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Social Studies: Money wasted on red-light cameras and military aid

Unexpected findings from the world of social science.

This sign warned motorists of the presence of a red light camera in Chicago in 2015. Texas banned them last year.M. Spencer Green/Associated Press

The medium is the message

A new study finds that statements on the floor of the US Senate became more partisan after C-SPAN began televising Senate proceedings in 1986, particularly for senators facing re-election sooner and in states with lower levels of education. Television also induced a shift away from making statements during debate on live bills, resolutions, and nominations, and toward making statements — ostensibly for posturing purposes — during the Senate’s free time.

Stiglitz, E. & Caspi, A., “Observability and Reasoned Discourse: Evidence from the U.S. Senate,” Cornell University (June 2020).

Photo finish

Comparing accident data before and after Houston removed its red-light traffic cameras, a study published in a top economics journal found “no evidence that cameras reduce the total number of accidents or injuries.” After accounting for the types of injuries that occurred in traffic accidents and the costs of the camera program, the researchers believe that the system had an overall negative effect on well-being in the city.

Gallagher, J. & Fisher, P., “Criminal Deterrence When There Are Offsetting Risks: Traffic Cameras, Vehicular Accidents, and Public Safety,” American Economic Journal: Economic Policy (August 2020).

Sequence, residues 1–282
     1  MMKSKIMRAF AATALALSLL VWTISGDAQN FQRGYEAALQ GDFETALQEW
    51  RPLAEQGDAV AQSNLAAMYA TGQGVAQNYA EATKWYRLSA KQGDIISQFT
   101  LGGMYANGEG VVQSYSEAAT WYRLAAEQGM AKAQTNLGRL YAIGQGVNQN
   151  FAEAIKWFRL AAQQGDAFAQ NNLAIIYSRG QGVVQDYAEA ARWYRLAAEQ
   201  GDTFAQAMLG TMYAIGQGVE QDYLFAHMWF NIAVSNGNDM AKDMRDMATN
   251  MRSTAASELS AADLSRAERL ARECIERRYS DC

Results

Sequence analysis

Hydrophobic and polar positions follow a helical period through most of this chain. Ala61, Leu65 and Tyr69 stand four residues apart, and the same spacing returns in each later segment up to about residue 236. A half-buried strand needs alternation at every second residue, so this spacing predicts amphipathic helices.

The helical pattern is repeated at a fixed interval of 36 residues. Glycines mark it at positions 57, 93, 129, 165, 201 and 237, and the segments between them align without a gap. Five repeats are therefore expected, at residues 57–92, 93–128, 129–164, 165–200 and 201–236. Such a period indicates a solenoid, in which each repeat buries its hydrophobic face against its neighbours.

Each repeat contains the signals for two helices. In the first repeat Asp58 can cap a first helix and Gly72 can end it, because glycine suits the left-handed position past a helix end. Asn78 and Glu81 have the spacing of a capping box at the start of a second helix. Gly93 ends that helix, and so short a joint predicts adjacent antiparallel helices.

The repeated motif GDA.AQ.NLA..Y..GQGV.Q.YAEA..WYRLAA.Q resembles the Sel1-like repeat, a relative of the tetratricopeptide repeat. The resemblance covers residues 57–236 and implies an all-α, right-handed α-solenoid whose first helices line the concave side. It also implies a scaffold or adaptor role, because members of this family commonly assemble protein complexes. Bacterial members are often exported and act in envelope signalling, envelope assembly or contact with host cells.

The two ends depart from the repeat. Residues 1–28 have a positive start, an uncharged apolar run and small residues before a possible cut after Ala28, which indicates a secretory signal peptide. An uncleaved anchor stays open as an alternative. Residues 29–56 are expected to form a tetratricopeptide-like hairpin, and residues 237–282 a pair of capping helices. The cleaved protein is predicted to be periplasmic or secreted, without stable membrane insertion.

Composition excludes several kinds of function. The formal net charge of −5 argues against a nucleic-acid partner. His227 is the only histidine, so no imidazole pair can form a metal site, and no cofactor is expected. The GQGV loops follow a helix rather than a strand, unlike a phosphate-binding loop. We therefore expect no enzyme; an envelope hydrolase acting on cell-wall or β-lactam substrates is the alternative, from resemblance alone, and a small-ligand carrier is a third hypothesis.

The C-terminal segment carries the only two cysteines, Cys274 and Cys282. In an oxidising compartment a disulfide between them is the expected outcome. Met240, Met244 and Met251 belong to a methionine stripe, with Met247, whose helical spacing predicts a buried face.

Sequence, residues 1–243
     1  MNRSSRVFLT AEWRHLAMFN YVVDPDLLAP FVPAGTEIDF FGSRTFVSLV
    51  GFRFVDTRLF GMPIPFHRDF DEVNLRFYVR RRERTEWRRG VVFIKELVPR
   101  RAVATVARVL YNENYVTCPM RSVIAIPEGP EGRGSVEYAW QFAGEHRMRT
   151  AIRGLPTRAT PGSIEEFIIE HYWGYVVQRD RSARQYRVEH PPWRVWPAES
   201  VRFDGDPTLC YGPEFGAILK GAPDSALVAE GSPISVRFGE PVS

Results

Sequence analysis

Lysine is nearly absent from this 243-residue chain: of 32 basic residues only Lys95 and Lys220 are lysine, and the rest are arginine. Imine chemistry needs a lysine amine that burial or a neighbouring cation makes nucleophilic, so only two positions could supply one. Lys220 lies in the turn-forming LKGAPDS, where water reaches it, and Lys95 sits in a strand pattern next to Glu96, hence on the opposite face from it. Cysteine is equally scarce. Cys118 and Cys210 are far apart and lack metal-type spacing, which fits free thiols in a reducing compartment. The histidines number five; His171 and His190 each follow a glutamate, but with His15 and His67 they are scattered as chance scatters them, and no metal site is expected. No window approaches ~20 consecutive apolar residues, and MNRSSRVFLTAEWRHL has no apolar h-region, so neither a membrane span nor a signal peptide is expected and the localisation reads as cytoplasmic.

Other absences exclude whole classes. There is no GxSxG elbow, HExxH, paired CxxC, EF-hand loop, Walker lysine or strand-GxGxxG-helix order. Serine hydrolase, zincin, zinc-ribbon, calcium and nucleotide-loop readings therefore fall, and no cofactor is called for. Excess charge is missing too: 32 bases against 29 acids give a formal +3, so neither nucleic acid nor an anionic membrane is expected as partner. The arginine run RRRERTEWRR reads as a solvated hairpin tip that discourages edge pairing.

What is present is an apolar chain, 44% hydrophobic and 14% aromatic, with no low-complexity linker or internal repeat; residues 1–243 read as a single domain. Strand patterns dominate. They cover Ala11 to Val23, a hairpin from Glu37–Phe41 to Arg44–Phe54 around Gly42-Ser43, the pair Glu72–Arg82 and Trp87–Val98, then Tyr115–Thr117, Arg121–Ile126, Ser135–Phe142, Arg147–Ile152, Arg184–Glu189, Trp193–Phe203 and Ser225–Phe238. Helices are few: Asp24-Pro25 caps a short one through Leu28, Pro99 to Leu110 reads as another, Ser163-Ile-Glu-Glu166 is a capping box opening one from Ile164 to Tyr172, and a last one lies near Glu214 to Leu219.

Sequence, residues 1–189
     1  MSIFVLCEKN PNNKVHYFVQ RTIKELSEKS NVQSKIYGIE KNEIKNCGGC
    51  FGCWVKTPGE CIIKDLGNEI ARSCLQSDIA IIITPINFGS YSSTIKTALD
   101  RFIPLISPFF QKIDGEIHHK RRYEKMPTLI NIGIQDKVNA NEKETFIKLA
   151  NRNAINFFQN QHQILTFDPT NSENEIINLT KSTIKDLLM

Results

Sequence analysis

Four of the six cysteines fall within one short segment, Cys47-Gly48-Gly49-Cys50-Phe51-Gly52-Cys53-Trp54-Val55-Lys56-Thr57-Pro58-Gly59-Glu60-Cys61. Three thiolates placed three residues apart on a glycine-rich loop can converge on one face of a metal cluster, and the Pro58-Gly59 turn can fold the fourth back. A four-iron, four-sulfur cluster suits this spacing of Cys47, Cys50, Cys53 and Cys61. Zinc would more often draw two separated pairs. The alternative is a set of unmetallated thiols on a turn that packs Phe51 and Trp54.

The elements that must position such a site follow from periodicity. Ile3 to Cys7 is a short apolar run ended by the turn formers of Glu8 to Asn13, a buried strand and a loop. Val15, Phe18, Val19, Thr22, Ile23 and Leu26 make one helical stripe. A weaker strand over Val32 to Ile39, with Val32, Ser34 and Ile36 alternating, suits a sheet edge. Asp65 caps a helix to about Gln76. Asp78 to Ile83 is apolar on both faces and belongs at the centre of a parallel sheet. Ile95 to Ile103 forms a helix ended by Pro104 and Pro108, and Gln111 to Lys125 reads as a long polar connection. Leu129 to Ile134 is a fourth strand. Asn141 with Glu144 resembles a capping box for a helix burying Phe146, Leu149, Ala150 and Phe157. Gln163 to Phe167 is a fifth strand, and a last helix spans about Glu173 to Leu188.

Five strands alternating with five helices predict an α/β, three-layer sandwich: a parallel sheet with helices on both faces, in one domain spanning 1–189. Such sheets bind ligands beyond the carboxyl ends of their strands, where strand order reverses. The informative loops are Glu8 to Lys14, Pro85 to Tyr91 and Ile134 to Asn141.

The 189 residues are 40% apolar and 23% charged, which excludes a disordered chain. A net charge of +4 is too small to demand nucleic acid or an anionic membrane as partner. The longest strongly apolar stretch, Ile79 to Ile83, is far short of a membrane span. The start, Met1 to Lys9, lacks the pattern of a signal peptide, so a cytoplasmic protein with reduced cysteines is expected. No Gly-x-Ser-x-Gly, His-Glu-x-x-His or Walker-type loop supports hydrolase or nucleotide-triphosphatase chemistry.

Regime pocket change

Analyzing US military aid over the past half century, researchers found that when aid fluctuated because of changing political dynamics in the United States (rather than factors controllable by the recipient country), increases in aid money resulted in more anti-American (and anti-Western) terrorism in that country. Aid did not appear to increase the country’s military and administrative capacity, but instead appeared to enhance corruption and hoarding by the regime and its allies, spurring resentment in the rest of the population.

Dimant, E. et al., “Paying Them to Hate Us: The Effect of U.S. Military Aid on Anti-American Terrorism, 1968-2014,” University of Pennsylvania (July 2020).

Shady discrimination

Using data from a nationwide sample of young adults who were interviewed once a year for over a decade, researchers found that men were less likely to be employed if their area had gotten more sun during the previous three weeks and they had an intermediate skin tone (i.e., not pale white and not dark, making them more prone to visible tanning), even controlling for other factors like demographics and occupation. In other words, even minor darkening of the skin in the same person appears to make it harder to get a job.


Kricheli-Katz, T. et al., “Those Who Tan and Those Who Don’t: A Natural Experiment on Colorism,” PLoS ONE (July 2020).

Death of a salesman

Passage of laws restricting business takeovers increased life expectancy by two years on average for CEOs of corporations in affected states, controlling for industry and CEO age. A similar, but opposite, effect occurred for CEOs who experienced an industry-wide downturn. Likewise, Fortune 500 CEOs in industries that experienced a severe downturn as a result of the 2007-2008 financial crisis were judged to be a year older in post-crisis photos compared to CEOs in other industries.

Borgschulte, M. et al., “CEO Stress, Aging, and Death,” University of California (July 2020).